Photo via Isioma's Style Report
Image via Isioma’s Style Report

Happy October, my fellow Germs! I hope your month is going well and is filled with spooks and treats (but mostly treats). October’s “Belle Lettres” is Chimamanda Ngozi Adichie. Adichie is a nonfiction, short story writer and an author of novels such as Half of a Yellow Sun and Americanah.

Adichie was born on September 15, 1977, in Enugu, Nigeria, and she is the fifth of six children. Adichie’s father, James Nwoye Adichie, was the first professor of statistics at University of Nigeria, Nsukka (UNN) and went on to become their Deputy Vice-Chancellor. Her mother, Grace Ifeoma, was the University’s first female registrar. Adichie studied medicine for a year and a half at the University of Nigeria, and during this time, she edited the school’s magazine, The Compass. At 19, Adichie left for the United States on a scholarship to Drexel University to study communications. She attended Eastern Connecticut State University and graduated summa cum laude in 2001 with a degree in communications and political science. She later received her master’s in creative writing at John Hopkins University in Baltimore.

While working on her studies, Adichie wrote her first novel, Purple Hibiscus, which was published in October 2003. Purple Hibiscus parallels the growing pains of the novel’s 15-year-old protagonist, Kambili, and Nigeria, which is going through a coup after gaining independence. Kambili lives with her brother, Jaja, and their parents, Beatrice and Eugene. Eugene is an active champion of civil rights and a voice against the military’s behavior through the newspaper he publishes. He is also a religious zealot who abuses Beatrice and subjects his children to punishments based on his religious obsessions. Kambili and Jaja experience a freedom to speak their minds when they spend time with their Aunty Ifeoma, who teaches at the University of Nigeria.

At the novel’s end, Kambili finds her place in early adulthood while living through the difficulties of seeing her mom deteriorate psychologically and of Jaja being released from prison. Purple HIbiscus was shortlisted for the Orange Prize for Fiction in 2004, and it was awarded the Commonwealth Writer’s Prize for Best First Book in 2005. Purple Hibiscus helped Adichie gain recognition as a prominent voice amongst African writers.

Adichie’s second novel, Half of a Yellow Sun, was published in 2006. The Nigerian Civil War — also known as the Biafran War — is the novel’s focus, and the story is told through the perspective of the protagonists Olanna, Ugwu, and Richard. Olanna and her twin sister, Kainene, fall for men who seem to be at different ends of the spectrum: Odenigho, a professor at a provincial university and Pan-Africanist; and Richard, an Englishman who finds himself joining the Biafran cause during the war. Like Purple Hibiscus, the eventual collapse of the environment mirrors the internal breakdown of the characters’ lives.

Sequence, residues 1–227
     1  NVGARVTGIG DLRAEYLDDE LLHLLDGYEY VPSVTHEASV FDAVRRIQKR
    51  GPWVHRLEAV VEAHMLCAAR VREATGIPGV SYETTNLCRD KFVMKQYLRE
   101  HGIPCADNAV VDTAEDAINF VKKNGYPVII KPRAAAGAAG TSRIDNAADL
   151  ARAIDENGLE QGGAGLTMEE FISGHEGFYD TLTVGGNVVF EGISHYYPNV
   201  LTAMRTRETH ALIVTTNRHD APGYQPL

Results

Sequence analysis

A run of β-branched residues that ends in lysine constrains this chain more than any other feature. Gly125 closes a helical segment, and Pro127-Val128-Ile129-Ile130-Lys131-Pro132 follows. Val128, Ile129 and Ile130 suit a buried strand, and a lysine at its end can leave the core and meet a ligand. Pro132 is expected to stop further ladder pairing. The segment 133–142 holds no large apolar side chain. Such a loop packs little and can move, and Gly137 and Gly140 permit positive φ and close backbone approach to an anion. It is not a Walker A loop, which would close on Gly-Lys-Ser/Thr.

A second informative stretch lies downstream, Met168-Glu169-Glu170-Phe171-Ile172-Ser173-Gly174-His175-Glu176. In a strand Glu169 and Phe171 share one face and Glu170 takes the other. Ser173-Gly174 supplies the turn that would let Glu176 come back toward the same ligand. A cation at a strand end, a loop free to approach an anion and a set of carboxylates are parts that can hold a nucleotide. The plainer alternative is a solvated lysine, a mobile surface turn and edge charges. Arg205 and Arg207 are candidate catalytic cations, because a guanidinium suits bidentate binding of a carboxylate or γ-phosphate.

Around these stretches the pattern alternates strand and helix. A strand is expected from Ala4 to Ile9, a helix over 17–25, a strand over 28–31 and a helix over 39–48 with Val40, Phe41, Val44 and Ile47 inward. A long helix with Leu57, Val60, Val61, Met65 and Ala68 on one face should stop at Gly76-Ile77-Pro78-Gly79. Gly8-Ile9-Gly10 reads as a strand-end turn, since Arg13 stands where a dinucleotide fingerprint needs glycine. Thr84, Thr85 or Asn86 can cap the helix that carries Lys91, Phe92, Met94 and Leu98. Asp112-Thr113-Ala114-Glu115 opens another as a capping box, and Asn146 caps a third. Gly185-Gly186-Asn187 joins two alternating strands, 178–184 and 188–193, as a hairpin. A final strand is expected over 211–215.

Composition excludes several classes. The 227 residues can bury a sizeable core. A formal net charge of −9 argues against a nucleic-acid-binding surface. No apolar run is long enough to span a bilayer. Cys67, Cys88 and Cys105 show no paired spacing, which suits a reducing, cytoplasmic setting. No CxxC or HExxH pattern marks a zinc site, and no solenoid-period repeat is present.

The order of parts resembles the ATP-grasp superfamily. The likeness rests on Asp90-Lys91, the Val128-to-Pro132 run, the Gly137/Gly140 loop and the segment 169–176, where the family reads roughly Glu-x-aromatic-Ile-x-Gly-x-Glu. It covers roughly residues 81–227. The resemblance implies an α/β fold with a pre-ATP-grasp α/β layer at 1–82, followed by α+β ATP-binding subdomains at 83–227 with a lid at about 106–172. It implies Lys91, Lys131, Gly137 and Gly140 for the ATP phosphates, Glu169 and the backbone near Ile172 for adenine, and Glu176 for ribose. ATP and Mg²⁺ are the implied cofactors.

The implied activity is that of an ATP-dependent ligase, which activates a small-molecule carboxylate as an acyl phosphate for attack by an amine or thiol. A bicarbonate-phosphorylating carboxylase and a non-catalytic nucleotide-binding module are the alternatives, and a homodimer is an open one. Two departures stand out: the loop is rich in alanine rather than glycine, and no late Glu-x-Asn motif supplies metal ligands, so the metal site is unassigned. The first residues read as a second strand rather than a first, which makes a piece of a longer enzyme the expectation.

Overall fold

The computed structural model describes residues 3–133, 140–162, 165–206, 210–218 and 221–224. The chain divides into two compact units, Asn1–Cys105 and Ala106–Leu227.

Half of a Yellow Sun received the Orange Prize for Fiction in 2007, and it made the New York Times’ “100 Most Notable Books of the Year.” Fellow Nigerian author Chinua Achebe, whom Adichie was influenced by, said of her, “We do not usually associate wisdom with beginners, but here is a new writer endowed with the gift of ancient storytellers.” In 2013, Half of a Yellow Sun was adapted into a film starring Chiwetel Ejofar and Thandie Newton.

In 2009, Adichie released a collection of short stories called The Thing Around Your Neck, and she gave a TED Talk called “The Danger of a Single Story.” In 2012, Adichie gave her TED Talk “We Should All Be Feminists,” in which she focused on the importance of feminism and why allowing gender roles to shape who we are can be problematic. Adichie became a featured artist on Beyoncé’s 2013 single “****Flawless” when part of her TED Talk speech on feminism was included in the song.

In 2013, Adichie released her third novel, Americanah, which Adichie essentially calls a love story. Ifemelu goes to the US to attend university while her boyfriend, Obinze, goes to London when his Visa to enter the US is denied. Years later, Obinze becomes wealthy through property development, and Ifemelu runs a well-known blog called “Raceteenth or Various Observations About American Blacks.” While Americanah comments on the black experience in three different continents (the Americas, Europe, and Africa), it also explores the feelings of dislocation and isolation. Americanah was selected by the editors of The New York Times Book Review as one of the “10 Best Books of 2013,” and it won the 2013 National Book Critics Circle Award.

Adichie intertwines themes of identity, home, immigration, isolation, and love through personal and shared experiences. Adichie is a storyteller who weaves the stories of her parents and childhood and creates a narrative that is relatable. Adichie’s writings reminds us that it is only through learning about our pasts that we are able to understand our present and create a better future version of ourselves.

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